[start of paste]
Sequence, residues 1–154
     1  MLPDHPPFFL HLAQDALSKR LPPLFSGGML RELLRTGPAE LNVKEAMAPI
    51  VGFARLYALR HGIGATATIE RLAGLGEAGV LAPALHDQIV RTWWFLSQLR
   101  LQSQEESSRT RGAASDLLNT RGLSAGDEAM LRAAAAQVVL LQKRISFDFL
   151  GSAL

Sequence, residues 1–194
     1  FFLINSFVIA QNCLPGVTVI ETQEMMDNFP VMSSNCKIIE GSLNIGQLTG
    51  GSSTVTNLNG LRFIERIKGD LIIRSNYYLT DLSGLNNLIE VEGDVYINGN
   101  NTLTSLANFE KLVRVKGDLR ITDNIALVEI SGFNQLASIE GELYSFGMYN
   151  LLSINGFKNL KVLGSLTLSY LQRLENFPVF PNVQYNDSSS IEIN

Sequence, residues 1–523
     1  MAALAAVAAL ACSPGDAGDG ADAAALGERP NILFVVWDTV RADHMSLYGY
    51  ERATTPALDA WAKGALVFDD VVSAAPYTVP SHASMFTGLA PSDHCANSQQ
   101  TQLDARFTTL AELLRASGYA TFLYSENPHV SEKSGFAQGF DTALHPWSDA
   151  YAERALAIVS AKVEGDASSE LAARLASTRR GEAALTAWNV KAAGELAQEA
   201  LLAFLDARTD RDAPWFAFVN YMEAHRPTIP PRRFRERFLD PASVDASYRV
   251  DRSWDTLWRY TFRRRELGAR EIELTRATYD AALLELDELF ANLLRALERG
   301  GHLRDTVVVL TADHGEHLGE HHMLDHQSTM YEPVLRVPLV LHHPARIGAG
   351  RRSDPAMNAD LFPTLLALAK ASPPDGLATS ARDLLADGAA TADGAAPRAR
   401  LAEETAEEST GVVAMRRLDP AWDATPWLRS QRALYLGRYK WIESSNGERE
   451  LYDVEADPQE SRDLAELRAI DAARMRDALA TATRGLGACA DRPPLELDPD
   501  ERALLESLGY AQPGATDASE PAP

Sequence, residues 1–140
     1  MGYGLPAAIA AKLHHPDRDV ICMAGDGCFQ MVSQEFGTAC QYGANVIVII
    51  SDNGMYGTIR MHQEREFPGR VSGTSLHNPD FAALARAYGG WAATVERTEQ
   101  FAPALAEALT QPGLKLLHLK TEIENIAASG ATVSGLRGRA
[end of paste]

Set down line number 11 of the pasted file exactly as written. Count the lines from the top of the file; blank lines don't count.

Sequence, residues 1–523